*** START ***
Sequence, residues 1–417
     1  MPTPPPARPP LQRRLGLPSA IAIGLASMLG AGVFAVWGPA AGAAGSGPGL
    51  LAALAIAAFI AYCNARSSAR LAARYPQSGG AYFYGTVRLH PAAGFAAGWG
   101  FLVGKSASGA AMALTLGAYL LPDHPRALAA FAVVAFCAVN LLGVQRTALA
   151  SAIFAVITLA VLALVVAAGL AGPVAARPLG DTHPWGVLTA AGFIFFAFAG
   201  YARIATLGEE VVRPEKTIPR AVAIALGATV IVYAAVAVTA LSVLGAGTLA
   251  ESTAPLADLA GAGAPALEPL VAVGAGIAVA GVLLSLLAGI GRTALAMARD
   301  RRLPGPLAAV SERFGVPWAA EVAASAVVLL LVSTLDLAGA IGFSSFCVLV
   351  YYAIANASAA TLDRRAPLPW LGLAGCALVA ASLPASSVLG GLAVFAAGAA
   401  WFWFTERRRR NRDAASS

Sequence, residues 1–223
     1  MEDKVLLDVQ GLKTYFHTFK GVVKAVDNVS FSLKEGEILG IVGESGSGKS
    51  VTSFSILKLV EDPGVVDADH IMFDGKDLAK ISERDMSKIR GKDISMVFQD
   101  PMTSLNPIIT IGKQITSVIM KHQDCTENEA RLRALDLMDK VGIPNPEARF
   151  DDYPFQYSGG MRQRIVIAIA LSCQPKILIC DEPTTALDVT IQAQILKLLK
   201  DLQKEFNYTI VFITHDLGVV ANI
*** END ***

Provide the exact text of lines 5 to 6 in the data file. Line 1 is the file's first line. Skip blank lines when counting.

   151  SAIFAVITLA VLALVVAAGL AGPVAARPLG DTHPWGVLTA AGFIFFAFAG
   201  YARIATLGEE VVRPEKTIPR AVAIALGATV IVYAAVAVTA LSVLGAGTLA